Interrogating secularism: race and religion in Arab transnational literature and art

« 'Interrogating Secularism' is a call to rethink binary categories of “religion” and “secularism” in contemporary Arab American fiction and art. While most studies that explore the traffic between literature and issues of secularism emphasize how canonical texts naturalize and reinforce s...

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Bibliographic Details
Main Author: Haque, Danielle
Format: Print Book
Language:English
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Published: Syracuse, New York Syracuse University Press 2019
Enclosed titles:Preface: The Universal Thump
Preface: The Universal Thump
Introduction: Race, Religion, Nation
Introduction: Race, Religion, Nation
1. Navigating Bodies
1. Navigating Bodies
2. Curating Religion
2. Curating Religion
3. Novel Formations
3. Novel Formations
4. Secularism and the Apocalypse
4. Secularism and the Apocalypse
5. Religious Geographies and Secular Maps
5. Religious Geographies and Secular Maps
Conclusion: Imagining Our Own Grace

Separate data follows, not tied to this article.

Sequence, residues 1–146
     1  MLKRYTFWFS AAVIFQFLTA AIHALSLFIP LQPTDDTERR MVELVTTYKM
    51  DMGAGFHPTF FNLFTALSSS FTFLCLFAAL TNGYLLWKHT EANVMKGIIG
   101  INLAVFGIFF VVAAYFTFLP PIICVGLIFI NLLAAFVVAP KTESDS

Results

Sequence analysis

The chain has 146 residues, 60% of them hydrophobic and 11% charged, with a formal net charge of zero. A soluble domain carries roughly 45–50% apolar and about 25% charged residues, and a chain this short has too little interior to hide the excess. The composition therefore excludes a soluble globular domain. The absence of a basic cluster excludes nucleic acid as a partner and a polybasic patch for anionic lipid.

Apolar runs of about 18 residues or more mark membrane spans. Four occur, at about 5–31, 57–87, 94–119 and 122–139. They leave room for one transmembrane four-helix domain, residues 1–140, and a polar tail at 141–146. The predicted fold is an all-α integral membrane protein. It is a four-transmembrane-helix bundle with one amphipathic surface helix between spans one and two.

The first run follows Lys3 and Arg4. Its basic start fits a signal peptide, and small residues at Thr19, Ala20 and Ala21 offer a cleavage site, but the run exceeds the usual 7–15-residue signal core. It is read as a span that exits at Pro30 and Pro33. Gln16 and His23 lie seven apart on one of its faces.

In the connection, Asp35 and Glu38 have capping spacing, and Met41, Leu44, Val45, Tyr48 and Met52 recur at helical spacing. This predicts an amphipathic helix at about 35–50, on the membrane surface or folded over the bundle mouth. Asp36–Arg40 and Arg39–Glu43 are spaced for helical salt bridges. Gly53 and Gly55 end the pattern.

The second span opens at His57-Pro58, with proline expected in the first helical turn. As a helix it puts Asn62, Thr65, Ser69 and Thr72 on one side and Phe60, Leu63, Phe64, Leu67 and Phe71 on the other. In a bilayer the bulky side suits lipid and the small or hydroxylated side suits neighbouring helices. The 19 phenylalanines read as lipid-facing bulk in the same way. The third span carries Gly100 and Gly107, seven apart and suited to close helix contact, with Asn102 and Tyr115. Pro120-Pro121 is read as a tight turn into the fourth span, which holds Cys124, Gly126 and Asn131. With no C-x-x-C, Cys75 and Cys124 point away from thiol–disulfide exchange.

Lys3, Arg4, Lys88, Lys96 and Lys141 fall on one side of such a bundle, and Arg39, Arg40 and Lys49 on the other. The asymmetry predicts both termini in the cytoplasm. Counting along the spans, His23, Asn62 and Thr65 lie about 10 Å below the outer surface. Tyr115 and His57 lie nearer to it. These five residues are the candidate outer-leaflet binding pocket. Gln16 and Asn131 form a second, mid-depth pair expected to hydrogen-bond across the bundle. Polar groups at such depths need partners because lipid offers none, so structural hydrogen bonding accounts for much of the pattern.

Edition:First edition 2019
Series/Journal:Critical Arab American studies
Further subjects:B American fiction 20th century History and criticism
B United States
B Secularism in literature
B Arab American arts
B Race in literature
B Islam and secularism (United States)
B American fiction Arab American authors History and criticism
B Criticism, interpretation, etc
Description
Summary:« 'Interrogating Secularism' is a call to rethink binary categories of “religion” and “secularism” in contemporary Arab American fiction and art. While most studies that explore the traffic between literature and issues of secularism emphasize how canonical texts naturalize and reinforce secular values, Interrogating Secularism approaches this nexus through novels written by and about ethnic and religious minorities. Haque juxtaposes accounts of secular experience in the writing of Arab Anglophone authors such as Mohja Kahf, Rabih Alameddine, Khaled Mattawa, Laila Lalami, and Rawi Hage, with Arab and Muslim artists such as Ninar Esber, Mounir Fatmi, Hasan Elahi, and Emily Jacir. Looking at multiple genres and modes of aesthetic production, including AIDS narratives, visual art, and digital media, Haque explores how their conventions are used to subvert the ideals tied to secularism and the various anxieties and investments that support secularism as a premise. These authors and artists critique Western iterations of secular thought in spaces such as art exhibits, airports, borders, and literary discourses to capture how the secularism thesis reproduces the exclusivity it intends to remedy. « (Verlagsbeschreibung)
Item Description:Literaturverzeichnis: Seite 215-228 und Index
ISBN:0815636318